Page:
Compliance Audits Employers need to select a trained individual or assemble a


Appendix C to §1910.119 Compliance Guidelines and Recommenda tions for Process Safety Management (Nonmandatory)

14. Compliance Audits Employers need to select a trained individual or assemble a

trained team of people to audit the process safety management system and program. A small process or plant may need only one knowledgeable person to conduct an audit. The audit is to include an evaluation of the design and effectiveness of the process safety management system and a field inspection of the safety and health conditions and practices to verify that the employer’s systems are effectively implemented. The audit should be conducted or lead by a person knowledgeable in audit techniques and who is

Appendix C H-274 1910.119

impartial towards the facility or area being audited. The essential elements of an audit program include planning, staffing, conducting the audit, evaluation and corrective action, follow-up and documentation.

Planning in advance is essential to the success of the auditing process. Each employer needs to establish the format, staffing, scheduling and verification methods prior to conducting the audit. The format should be designed to provide the lead auditor with a procedure or checklist which details the requirements of each section of the standard. The names of the audit team members should be listed as part of the format as well. The checklist, if properly designed, could serve as the verification sheet which provides the auditor with the necessary information to expedite the review and assure that no requirements of the standard are omitted. This verification sheet format could also identify those elements that will require evaluation or a response to correct deficiencies. This sheet could also be used for developing the follow-up and documentation require- ments.

The selection of effective audit team members is critical to the success of the program. Team members should be chosen for their experience, knowledge, and training and should be familiar with the processes and with auditing techniques, practices and procedures. The size of the team will vary depending on the size and complexity of the process under consideration. For a large, complex, highly instrumented plant, it may be desirable to have team members with expertise in process engineering and design, process chemistry, instrumentation and computer controls, electrical hazards and classifications, safety and health disciplines, maintenance, emergency preparedness, warehousing or shipping, and process safety auditing. The team may use part-time members to provide for the depth of expertise required as well as for what is actually done or followed, compared to what is written.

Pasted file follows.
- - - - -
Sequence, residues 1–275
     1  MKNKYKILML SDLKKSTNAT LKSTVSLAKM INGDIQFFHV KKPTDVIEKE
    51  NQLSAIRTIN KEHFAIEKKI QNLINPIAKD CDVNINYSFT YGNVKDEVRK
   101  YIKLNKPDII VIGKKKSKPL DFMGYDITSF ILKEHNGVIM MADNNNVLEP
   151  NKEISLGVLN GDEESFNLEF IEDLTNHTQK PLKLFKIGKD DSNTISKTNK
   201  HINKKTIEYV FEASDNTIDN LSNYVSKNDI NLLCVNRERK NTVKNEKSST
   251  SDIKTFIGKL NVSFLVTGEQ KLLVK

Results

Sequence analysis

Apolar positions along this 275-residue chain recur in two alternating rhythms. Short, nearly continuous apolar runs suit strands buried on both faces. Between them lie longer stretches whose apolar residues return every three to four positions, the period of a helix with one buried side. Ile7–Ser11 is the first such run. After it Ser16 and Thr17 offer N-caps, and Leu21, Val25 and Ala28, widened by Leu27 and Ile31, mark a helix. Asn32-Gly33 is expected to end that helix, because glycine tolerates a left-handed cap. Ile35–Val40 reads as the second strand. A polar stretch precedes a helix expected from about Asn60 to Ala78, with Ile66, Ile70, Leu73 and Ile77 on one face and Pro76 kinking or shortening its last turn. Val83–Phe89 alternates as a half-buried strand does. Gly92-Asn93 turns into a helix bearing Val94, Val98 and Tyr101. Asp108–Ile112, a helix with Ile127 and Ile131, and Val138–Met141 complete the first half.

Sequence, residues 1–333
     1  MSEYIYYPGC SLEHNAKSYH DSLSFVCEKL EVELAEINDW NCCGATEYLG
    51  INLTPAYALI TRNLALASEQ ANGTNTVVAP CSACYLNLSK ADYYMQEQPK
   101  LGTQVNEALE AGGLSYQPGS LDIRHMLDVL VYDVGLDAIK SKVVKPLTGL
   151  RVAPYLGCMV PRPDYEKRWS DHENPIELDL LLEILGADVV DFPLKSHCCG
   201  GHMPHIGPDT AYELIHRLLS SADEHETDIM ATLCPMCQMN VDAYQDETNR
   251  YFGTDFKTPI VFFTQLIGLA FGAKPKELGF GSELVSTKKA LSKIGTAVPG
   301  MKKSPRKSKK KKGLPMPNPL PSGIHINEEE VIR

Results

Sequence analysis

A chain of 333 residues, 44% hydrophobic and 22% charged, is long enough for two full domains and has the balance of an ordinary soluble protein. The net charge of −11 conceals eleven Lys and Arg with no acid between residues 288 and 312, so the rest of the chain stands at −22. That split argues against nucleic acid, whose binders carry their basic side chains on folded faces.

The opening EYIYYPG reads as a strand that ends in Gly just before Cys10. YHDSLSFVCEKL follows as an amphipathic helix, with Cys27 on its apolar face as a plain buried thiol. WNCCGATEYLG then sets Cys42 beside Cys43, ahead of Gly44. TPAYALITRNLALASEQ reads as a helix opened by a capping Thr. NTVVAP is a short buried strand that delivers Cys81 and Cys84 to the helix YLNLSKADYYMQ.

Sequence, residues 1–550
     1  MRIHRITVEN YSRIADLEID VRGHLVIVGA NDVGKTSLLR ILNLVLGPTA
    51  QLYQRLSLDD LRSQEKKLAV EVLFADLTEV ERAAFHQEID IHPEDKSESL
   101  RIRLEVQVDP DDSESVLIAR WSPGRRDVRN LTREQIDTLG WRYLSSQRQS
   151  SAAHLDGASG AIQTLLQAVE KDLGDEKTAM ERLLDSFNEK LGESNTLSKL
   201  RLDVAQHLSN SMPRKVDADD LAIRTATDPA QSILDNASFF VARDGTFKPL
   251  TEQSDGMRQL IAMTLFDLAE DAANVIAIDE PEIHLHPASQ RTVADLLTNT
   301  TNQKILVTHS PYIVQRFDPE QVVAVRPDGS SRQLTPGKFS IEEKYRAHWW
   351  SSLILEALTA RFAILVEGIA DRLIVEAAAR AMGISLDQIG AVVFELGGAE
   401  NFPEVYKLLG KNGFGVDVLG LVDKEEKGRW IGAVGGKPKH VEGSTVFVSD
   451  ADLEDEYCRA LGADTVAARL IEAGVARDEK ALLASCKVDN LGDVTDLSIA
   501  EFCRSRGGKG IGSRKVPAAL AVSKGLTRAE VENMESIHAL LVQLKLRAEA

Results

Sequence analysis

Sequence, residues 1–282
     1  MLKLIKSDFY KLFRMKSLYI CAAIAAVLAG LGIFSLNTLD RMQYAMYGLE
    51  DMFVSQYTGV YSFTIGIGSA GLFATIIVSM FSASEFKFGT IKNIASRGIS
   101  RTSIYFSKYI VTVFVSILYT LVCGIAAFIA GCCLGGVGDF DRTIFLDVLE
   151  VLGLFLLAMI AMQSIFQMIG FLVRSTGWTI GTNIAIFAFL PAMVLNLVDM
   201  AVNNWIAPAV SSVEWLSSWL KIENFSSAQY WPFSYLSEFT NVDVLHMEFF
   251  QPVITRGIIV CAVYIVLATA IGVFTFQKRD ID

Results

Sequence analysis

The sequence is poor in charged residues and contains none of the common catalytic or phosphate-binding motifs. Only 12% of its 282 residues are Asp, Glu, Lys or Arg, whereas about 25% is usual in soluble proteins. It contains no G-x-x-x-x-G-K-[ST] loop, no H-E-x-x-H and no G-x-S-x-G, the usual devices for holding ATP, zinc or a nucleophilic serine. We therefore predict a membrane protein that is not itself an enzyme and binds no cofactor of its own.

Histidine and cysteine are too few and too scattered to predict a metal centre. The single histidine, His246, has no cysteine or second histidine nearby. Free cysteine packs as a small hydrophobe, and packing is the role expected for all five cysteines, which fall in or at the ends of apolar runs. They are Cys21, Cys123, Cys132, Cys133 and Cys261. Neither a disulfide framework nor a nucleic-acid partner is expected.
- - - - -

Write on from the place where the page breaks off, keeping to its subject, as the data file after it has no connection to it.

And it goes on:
An effective audit includes a review of the relevant documentation and process safety information, inspection of the physical facilities, and interviews with all levels of plant personnel. Utilizing the audit procedure and checklist developed in the preplanning stage, the audit team can systematically analyze compliance with the provisions of the standard and any other corporate policies that are relevant. For example, the audit team will review all aspects of the training program as part of the overall audit. The team will review the written training program for adequacy of content, frequency of training, effectiveness of training in terms of its goals and objectives as well as to how it fits into meeting the standard’s requirements, documentation, etc. Through interviews, the team can determine the employee’s knowledge and awareness of the safety procedures, duties, rules, emergency response assignments, etc. During the inspection, the team can observe actual practices such as safety and health policies, procedures, and work authorization practices. This approach enables the team to identify deficiencies and determine where corrective actions or improvements are necessary.